This bill would instead prohibit a voter from placing personal information, as defined, upon a ballot that identifies the voter. The bill would provide that a ballot that contains personal information is not invalid. The bill would delete the requirement that a ballot marked in a manner so as to identify the voter is void and instead require a ballot that contains personal information to be segregated in a specified manner and would require that a duplicate ballot be prepared. By adding to the duties of local elections officials, the bill would impose a state-mandated local program.
The California Constitution requires the state to reimburse local agencies and school districts for certain costs mandated by the state. Statutory provisions establish procedures for making that reimbursement.
This bill would provide that, if the Commission on State Mandates determines that the bill contains costs mandated by the state, reimbursement for those costs shall be made pursuant to these statutory provisions.
SEC. 4. Section 15208 of the Elections Code is amended to read:
15208. (a) Each container of ballots shall be opened and its contents removed. The ballots shall be checked to ascertain if the ballots are properly grouped and shall be arranged, if necessary, so that all similar ballots from the precinct are together.
(b) Any ballot that contains personal information, as defined in Section 14287, or is torn, bent, or mutilated shall be segregated in the manner directed by the elections official and a duplicate shall be prepared as provided in Section 15210.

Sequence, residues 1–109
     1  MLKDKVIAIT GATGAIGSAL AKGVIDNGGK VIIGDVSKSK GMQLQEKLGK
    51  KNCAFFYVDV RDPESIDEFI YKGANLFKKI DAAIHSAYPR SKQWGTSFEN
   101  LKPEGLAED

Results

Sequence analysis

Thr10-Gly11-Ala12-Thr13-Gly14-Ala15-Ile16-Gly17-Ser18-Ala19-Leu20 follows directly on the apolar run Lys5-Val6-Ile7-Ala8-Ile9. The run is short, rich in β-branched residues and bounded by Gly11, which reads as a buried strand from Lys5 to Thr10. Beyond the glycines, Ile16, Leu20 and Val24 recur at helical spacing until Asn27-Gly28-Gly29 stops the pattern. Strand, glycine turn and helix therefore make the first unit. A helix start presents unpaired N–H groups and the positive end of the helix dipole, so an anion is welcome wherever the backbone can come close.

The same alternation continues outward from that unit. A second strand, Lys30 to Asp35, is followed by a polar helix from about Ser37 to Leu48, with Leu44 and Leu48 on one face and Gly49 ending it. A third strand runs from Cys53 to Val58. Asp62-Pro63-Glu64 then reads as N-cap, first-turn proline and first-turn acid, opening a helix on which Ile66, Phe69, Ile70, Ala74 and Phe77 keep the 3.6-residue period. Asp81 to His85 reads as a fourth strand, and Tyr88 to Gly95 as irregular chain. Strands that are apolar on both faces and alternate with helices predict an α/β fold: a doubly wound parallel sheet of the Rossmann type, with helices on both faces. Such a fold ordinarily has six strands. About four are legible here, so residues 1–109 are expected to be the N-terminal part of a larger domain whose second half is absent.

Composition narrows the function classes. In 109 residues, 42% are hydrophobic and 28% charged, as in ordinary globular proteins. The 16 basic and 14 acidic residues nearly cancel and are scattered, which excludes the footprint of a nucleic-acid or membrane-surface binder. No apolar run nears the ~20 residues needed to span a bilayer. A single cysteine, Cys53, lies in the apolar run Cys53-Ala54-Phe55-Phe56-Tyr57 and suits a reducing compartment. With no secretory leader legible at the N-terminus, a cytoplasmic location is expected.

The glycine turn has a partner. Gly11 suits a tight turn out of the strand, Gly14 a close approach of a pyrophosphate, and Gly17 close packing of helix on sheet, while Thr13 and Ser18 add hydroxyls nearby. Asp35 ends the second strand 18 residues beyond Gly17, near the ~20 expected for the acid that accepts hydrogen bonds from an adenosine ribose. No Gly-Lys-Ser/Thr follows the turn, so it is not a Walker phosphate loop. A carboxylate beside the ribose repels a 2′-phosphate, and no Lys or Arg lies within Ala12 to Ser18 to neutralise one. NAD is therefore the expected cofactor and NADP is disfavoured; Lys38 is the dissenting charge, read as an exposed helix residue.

> THUS, Ballots are not supposed to have any personal identifiable information when stored for 22 months.
> There are no privacy issues that are respected if the ballots are indeed processed according to these laws.
The opinion by the Apellate Court included a reference to the "right to privacy":
Our Constitution also provides all Californians with a right to privacy. (Cal.
Const., Art. 1, § 1.) It provides, specifically, that "Voting shall be secret." (Cal. Const.,
Art. 2, § 7.) The privacy of the vote is a well-established social norm. (Chantiles v. Lake
Forest II Master Homeowners Assn. (1995) 37 Cal.App.4th 914, 924.) Voters reasonably
expect that their personal voting decisions will not be known to others. (Ibid.)
The CPRA balances the tension between open access to governmental records and
the constitutional right of privacy. It sets forth broad rules for access to public
information, with exemptions that protect certain privacy rights. The Legislature has
declared that, "access to information concerning the conduct of the people's business is a
fundamental and necessary right of every person in this state," but it was also "mindful of
the right of individuals to privacy." (Gov. Code, § 6250.) In light of this balance, the
CPRA exempts from disclosure those public records that are expressly protected by
statute (Gov. Code, § 6254, subd. (k))3 and other categories of information when
balancing openness and privacy interests. (Gov. Code, §§ 6254–6254.33; City of
San Jose, supra, 2 Cal.5th at p. 616; Chino, supra, 30 Cal.App.5th at p. 536.)
New York has no common-law right of privacy and its Constitution
protects privacy only against state action. (Arrington v. New York Times (Ct.App. 1982)
55 N.Y. 2d 433, 440, 443.)